Those sales solidified Washington’s position as the Saudis’ primary arms supplier. Two-thirds of its air force consists of Boeing F-15 aircraft, the vast bulk of its tanks are General Dynamics M-1s, and most of its air-to-ground missiles come from Raytheon and Lockheed Martin. And mind you, those weapons aren’t just sitting in warehouses or being displayed in military parades. They’ve been among the principal killers in a brutal Saudi intervention in Yemen that has sparked the world’s worst humanitarian catastrophe.
A new report from the Arms and Security Program at the Center for International Policy (which I co-authored) underscores just how stunningly the United States dominates the Middle Eastern weapons market. According to data from the arms transfer database compiled by the Stockholm International Peace Research Institute, in the period from 2015 to 2019 the United States accounted for 48 percent of major weapons deliveries to the Middle East and North Africa, or (as that vast region is sometimes known acronymically) MENA. Those figures leave deliveries from the next largest suppliers in the dust. They represent nearly three times the arms Russia supplied to MENA, five times what France contributed, 10 times what the United Kingdom exported, and 16 times China’s contribution.
In other words, we have met the prime weapons proliferator in the Middle East and North Africa and it is us.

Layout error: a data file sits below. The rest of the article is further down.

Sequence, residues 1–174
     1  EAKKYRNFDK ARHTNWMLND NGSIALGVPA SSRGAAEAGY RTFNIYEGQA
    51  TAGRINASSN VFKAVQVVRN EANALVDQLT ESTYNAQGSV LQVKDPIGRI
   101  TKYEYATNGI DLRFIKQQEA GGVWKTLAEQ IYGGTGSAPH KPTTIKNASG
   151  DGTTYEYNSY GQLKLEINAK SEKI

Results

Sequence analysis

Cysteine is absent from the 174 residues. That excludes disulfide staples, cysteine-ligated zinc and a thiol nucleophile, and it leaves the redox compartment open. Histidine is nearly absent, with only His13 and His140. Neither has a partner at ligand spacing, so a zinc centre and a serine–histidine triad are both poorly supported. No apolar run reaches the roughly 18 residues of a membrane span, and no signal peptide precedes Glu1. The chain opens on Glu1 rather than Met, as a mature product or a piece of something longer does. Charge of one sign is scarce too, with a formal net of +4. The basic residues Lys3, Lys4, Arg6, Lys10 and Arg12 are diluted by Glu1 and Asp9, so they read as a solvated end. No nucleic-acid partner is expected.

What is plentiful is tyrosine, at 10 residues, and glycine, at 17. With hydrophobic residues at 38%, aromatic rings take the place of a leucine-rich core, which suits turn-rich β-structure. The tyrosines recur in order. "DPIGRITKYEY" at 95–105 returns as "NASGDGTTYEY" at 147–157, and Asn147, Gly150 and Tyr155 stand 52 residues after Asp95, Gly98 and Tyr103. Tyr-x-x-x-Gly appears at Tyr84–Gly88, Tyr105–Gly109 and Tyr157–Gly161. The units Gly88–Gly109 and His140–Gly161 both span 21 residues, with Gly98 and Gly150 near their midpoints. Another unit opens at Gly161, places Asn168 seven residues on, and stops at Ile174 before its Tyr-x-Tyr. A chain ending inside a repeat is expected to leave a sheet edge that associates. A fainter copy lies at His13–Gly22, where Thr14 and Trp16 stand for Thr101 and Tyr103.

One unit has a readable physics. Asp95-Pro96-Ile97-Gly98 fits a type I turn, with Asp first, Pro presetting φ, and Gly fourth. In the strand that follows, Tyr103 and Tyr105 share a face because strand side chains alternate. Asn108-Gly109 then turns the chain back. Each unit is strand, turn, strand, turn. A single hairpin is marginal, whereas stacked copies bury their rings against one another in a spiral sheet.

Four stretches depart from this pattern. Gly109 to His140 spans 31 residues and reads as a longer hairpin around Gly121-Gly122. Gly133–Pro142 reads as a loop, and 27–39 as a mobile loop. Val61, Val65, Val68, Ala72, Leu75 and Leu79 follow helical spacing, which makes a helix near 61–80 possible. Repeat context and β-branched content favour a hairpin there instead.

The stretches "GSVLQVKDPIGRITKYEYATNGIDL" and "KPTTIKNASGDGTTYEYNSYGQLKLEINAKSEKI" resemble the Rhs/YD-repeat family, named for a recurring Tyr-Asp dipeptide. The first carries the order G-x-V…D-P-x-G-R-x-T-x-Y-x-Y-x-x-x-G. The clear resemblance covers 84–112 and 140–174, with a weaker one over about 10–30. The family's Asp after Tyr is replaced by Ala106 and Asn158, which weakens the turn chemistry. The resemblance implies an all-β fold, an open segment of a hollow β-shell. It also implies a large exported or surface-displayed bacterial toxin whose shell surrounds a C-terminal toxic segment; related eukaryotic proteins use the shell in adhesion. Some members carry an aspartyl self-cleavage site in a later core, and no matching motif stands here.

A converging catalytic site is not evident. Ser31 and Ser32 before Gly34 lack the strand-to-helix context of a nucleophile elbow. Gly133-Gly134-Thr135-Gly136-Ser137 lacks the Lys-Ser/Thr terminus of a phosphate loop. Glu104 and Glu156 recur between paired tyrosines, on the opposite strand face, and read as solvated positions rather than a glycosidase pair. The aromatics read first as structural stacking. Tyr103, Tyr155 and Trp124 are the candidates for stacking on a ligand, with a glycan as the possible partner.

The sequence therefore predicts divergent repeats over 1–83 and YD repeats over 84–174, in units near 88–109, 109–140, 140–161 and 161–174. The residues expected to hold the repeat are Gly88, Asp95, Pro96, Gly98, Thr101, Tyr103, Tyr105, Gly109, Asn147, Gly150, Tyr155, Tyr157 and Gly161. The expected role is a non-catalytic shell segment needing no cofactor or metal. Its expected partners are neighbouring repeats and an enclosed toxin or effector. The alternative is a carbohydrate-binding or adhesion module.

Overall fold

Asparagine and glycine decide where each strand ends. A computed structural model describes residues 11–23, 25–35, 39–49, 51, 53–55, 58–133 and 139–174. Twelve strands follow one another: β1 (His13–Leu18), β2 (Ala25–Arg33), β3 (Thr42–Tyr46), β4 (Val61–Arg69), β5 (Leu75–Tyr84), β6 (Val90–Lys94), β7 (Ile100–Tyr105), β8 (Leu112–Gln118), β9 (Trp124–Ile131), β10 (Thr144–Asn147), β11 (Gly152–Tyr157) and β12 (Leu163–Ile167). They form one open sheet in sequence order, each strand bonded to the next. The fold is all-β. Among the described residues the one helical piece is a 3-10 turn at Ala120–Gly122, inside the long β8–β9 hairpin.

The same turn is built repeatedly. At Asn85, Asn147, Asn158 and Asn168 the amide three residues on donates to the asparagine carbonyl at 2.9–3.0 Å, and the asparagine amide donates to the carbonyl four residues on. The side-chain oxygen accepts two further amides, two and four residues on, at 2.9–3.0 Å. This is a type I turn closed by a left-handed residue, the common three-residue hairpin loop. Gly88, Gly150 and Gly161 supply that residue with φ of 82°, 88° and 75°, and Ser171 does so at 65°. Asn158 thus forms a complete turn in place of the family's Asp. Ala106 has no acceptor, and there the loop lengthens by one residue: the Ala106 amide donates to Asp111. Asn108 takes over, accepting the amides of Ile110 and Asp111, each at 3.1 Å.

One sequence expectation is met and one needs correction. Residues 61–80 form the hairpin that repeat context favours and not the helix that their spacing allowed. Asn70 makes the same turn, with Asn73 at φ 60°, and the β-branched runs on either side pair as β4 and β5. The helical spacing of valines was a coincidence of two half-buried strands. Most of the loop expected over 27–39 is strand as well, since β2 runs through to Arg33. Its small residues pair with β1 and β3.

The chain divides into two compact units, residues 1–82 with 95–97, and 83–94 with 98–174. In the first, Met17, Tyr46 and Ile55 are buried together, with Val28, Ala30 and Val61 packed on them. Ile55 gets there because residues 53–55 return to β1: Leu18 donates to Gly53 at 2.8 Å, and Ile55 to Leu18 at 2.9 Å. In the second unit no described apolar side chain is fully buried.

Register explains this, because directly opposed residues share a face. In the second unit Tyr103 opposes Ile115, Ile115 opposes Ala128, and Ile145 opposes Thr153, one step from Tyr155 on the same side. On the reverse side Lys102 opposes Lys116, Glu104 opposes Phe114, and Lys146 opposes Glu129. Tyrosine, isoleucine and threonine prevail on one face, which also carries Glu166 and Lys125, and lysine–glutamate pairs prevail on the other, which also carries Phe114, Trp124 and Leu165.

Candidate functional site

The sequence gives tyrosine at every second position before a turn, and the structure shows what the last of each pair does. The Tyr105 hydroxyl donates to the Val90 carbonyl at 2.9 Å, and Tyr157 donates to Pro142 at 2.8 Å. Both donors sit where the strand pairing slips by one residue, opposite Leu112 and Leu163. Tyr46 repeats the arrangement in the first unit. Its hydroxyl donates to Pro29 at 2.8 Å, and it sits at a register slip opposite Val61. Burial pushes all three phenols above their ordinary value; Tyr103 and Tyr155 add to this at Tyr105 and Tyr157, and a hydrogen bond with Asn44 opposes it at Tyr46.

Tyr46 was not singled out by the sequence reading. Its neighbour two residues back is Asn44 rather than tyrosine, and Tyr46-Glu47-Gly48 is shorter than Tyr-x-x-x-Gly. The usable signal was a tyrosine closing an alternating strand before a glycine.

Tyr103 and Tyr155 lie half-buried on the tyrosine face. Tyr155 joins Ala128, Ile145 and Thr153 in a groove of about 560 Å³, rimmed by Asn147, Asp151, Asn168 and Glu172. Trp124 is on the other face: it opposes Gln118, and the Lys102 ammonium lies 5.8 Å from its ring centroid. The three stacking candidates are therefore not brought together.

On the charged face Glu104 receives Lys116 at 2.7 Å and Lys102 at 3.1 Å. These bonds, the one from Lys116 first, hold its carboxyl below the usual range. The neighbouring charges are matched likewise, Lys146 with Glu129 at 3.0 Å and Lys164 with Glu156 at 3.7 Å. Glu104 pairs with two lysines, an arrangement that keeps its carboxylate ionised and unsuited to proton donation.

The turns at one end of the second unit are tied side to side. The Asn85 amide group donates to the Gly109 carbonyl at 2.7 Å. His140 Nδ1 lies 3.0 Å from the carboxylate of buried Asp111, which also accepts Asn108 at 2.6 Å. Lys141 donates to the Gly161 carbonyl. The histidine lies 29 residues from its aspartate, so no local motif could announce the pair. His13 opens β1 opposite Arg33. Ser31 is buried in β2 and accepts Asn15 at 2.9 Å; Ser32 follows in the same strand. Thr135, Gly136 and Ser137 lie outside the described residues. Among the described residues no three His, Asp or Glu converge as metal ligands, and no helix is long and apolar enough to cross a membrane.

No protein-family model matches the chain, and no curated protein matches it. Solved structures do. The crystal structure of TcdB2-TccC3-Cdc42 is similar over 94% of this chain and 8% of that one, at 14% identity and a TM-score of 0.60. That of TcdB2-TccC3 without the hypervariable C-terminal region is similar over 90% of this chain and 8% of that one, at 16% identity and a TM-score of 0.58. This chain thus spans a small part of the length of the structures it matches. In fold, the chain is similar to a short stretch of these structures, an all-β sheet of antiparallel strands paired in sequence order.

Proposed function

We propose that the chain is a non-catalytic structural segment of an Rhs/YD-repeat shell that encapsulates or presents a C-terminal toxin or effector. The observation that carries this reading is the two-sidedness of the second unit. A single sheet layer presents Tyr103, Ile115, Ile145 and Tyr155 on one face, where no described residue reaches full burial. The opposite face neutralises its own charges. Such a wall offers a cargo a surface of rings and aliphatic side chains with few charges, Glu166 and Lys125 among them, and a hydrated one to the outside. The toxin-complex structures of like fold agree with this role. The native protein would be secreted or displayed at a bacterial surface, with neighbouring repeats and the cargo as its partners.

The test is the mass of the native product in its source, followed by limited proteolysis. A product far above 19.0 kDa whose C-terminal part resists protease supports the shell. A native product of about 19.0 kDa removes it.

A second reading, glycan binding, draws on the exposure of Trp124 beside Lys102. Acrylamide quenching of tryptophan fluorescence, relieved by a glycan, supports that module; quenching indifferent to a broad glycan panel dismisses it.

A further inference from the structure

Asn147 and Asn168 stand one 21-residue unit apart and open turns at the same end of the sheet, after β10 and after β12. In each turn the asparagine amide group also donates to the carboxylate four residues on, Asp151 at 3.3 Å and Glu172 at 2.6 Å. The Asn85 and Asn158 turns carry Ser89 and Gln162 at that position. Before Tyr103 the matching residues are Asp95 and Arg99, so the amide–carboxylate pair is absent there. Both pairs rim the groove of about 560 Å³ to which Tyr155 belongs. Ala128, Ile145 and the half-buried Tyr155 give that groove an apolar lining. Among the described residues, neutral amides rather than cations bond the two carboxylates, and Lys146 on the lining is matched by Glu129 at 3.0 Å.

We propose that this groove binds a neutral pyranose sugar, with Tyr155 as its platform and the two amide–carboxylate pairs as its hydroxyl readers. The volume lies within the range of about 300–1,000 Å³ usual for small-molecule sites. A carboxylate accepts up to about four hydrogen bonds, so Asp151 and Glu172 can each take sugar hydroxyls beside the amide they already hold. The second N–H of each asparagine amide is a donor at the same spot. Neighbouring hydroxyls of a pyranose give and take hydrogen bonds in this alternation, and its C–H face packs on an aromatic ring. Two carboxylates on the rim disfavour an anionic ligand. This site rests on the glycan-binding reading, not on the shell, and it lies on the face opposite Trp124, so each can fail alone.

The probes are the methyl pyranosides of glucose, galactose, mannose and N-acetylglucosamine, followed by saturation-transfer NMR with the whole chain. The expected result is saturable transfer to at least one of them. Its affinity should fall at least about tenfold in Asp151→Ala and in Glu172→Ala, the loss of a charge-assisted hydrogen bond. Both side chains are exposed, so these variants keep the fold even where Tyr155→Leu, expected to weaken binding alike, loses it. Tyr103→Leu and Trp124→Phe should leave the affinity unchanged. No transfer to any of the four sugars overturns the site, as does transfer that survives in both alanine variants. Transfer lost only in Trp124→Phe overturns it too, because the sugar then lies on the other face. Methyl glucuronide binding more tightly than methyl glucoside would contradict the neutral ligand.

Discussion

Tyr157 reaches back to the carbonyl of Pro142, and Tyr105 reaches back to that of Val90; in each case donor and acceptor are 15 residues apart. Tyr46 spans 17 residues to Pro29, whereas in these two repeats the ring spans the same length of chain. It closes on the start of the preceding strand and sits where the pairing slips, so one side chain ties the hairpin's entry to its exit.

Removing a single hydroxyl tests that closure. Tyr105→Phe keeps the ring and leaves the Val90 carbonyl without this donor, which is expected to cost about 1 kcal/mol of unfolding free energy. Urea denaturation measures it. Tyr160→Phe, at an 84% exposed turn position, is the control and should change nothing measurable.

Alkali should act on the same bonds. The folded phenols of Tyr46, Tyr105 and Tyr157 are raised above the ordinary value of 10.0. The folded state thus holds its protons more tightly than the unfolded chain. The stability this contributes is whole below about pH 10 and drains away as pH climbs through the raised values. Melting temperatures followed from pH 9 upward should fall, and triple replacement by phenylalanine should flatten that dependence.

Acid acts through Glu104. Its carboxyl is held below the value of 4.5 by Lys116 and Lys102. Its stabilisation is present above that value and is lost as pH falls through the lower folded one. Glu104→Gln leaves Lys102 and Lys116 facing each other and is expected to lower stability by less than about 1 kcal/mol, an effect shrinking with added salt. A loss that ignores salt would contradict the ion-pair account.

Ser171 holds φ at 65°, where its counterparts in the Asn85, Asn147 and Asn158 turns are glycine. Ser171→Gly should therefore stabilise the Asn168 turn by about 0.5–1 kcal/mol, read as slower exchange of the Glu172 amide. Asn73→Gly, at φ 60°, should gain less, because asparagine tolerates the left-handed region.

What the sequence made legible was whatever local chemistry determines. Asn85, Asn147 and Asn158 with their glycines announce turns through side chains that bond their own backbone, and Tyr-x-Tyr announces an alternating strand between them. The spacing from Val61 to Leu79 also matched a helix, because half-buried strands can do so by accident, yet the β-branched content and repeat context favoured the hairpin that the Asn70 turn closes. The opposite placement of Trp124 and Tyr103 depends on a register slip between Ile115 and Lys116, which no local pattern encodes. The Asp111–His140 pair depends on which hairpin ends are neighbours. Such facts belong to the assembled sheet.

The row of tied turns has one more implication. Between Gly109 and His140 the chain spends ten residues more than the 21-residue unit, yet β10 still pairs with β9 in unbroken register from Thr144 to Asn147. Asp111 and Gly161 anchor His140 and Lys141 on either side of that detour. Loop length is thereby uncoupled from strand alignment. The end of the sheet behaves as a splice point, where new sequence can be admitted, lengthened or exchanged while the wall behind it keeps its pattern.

The influence of US arms in this conflict-ridden region is further illustrated by a striking fact: Washington is the top supplier to 13 of the 19 countries there, including Morocco (91 percent of its arms imports), Israel (78 percent), Saudi Arabia (74 percent), Jordan (73 percent), Lebanon (73 percent), Kuwait (70 percent), the UAE (68 percent), and Qatar (50 percent). If the Trump administration goes ahead with its controversial plan to sell F-35s and armed drones to the UAE and brokers that related $8 billion arms deal with Israel, its share of arms imports to those two countries will be even higher in the years to come.
None of the key players in today’s most devastating wars in the Middle East produce their own weaponry, which means that imports from the US and other suppliers are the true fuel sustaining those conflicts. Advocates of arms transfers to the MENA region often describe them as a force for “stability,” a way to cement alliances, counter Iran, or more generally a tool for creating a balance of power that makes armed engagement less likely.